The Centers for Medicare and Medicaid Services’ Medicare Advantage and Medicare Part D final rule for 2024 aims to further the agency’s efforts to strengthen federal oversight of health insurance companies.
CMS published the regulation Wednesday, which includes major changes to the standards for quality metics, prior authorizations, marketing and health equity. The agency issued the proposed rule in December.
“Today, we’re announcing a rule that will crack down on misleading marketing schemes by the health insurance companies that offer Medicare Advantage plans, those that offer Part D prescription drug plans and their downstream entities,” Health and Human Services Secretary Xavier Becerra said during a news conference Wednesday.
The stronger regulations unveiled Wednesday arrive just after CMS issued its final 2024 rate notice for Medicare Advantage and Part D, which contains less severe payment policies than insurers feared.
“We are carefully reviewing and analyzing the final rule that makes changes to the [Medicare Advantage] and Part D program rules for 2024,” the health insurance industry association AHIP said in a news release. “As noted in our comment letter on the proposed rule, we supported a number of proposals that would strengthen consumer protections while retaining flexibility, choice, competition and value. At the same time, we also expressed concerns with proposed changes that would reduce funding or increase costs without benefiting seniors and people with disabilities,” AHIP said.
The Association for Community Affiliated Plans and the Alliance of Community Health Plans did not provide comment.
“CMS’ final policy rule for 2024 will support Medicare Advantage’s efforts in bridging the health equity gap and providing high-quality care,” Better Medicare Alliance President and CEO Mary Beth Donahue said in a news release. “We support provisions to streamline the prior authorization process to ensure timely access to care as well as steps to ensure transparency and accountability within Medicare Advantage.”
“This rule will go a long way in protecting patients and ensuring timely access to care, as well as reducing inappropriate administrative burden on an already strained healthcare workforce,” Ashley Thompson, senior vice president for public policy analysis and development at the American Hospital Association, said in a news release.
CMS received nearly 40,000 marketing misconduct complaints from beneficiaries in 2021, a 157% increase over the prior year, the agency previously reported. Based on this evidence of growing problems, the final rule imposes new restrictions on marketing by health insurers, brokers and others. The regulation prohibits advertisements that do not use specific plan names and materials that include words or images that could be misleading, such as a Medicare logo.
CMS relaxed its Star Ratings quality assessments during the COVID-19 pandemic, contributing to a record number of Medicare Advantage carriers earning the highest scores and biggest bonuses in 2022. Health insurance companies have been steeling themselves for this trend to reverse and negatively affect their revenue. CMS will replace the reward factor with a health equity index and reduce the weight of patient experience and complaints on quality scores. CMS doubled the effects of patient surveys on ratings last year, which insurers cited to explain declines.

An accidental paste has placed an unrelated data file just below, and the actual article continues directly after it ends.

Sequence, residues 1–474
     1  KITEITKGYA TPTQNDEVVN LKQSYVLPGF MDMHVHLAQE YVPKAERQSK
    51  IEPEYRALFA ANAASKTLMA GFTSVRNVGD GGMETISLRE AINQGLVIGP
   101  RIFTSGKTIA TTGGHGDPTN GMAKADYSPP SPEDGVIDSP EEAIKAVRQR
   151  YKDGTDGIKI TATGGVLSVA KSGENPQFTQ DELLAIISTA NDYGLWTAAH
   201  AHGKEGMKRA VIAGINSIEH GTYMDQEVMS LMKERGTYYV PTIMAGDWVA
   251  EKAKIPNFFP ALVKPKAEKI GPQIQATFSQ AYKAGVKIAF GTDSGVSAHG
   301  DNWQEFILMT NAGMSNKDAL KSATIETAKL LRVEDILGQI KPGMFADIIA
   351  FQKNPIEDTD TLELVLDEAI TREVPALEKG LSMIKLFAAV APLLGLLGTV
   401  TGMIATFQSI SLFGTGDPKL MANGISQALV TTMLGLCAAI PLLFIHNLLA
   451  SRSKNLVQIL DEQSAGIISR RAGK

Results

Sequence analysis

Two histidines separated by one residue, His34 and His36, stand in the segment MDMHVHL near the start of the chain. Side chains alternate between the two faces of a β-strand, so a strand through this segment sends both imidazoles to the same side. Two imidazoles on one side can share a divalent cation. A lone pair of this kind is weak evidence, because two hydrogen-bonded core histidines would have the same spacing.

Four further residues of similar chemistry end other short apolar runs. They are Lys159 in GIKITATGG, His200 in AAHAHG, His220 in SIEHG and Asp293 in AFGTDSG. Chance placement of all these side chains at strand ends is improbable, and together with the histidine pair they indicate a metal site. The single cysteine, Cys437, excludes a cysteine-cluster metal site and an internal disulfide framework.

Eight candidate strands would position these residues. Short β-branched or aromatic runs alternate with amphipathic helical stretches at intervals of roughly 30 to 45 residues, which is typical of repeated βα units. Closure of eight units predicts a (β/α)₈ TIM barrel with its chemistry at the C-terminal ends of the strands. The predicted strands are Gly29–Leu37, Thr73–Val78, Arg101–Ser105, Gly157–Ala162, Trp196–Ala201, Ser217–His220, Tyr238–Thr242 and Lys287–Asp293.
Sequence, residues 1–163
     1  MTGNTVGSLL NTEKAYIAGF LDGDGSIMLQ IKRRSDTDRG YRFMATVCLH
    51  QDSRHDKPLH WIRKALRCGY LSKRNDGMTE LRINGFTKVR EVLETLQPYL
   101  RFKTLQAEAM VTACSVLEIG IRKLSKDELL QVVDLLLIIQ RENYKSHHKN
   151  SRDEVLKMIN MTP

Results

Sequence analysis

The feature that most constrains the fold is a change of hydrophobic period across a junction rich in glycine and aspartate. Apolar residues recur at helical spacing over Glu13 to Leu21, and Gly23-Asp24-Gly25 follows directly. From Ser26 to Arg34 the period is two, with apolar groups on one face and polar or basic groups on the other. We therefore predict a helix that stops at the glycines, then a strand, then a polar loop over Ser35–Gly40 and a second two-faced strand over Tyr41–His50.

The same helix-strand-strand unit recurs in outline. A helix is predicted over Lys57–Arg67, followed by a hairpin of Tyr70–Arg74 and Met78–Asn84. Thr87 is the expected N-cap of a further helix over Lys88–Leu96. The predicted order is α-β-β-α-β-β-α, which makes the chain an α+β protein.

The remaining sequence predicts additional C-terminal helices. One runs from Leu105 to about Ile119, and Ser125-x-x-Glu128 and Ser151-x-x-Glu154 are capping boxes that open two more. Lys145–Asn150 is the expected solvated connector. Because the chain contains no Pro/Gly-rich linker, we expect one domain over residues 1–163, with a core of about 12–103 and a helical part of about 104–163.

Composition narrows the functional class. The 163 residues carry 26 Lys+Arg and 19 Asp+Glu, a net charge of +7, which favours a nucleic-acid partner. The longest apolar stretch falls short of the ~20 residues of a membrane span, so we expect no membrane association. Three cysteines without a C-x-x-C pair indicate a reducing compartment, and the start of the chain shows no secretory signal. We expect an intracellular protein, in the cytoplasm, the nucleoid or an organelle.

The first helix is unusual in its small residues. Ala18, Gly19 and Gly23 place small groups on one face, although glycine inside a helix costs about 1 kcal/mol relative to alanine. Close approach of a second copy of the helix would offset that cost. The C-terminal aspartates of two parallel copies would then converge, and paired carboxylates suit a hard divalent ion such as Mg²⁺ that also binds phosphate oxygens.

The health equity provisions and other aspects of the regulation are intended to reward health insurance companies for ensuring people from underserved communities receive quality care, Center for Medicare Director and CMS Deputy Administrator Dr. Meena Seshamani said. CMS estimates the health equity index, which begins with the 2027 Star Ratings, and new patient experience provisions will save taxpayers more than $8 billion combined over 10 years.
The final rule also continues CMS’ efforts to reduce the prior authorizations burden on providers and patients. Insurers must halve the length of time they take to respond to prior authorization requests and extend approvals through the full course of a patient’s treatments, and may no longer require preapproval for emergency behavioral healthcare.
“We want to make sure that where there is care that’s needed, that a decision to offer it and pay for it is made by those who know about the value of the care, not by those who are just trying to save money at the expense of the patient,” Becerra said.
Insurers have to explain denials and publish data on their decisions. Patients in active treatment who change carriers must be given at least 90 days before the new insurer can require another prior authorization. Major insurance companies such as UnitedHealth Group and Cigna have already begun revamping their internal processes in anticipation of new regulations.
“The rule removes barriers to care created by complex coverage criteria and utilization management,” Becerra said. “It’s important that we don’t let the bureaucracy within the health insurance company’s plan make it impossible or difficult for seniors and Americans with disabilities to get the right plan for their needs.”
Mental health, equity, drug costs
CMS also requires insurers notify beneficiaries when behavioral health or primary care providers leave their networks. Networks must include clinical psychologists, licensed clinical social workers and opioid use disorder medication prescribers.
In addition to including a health equity metric in the Star Ratings program, the final rule requires Medicare Advantage insurers to provide access to healthcare in a “culturally competent manner” by including the languages providers speak in network directories, offering digital health education and addressing health disparities in quality improvement programs.
The regulation also implements prescription drug pricing provisions from the Inflation Reduction Act of 2022.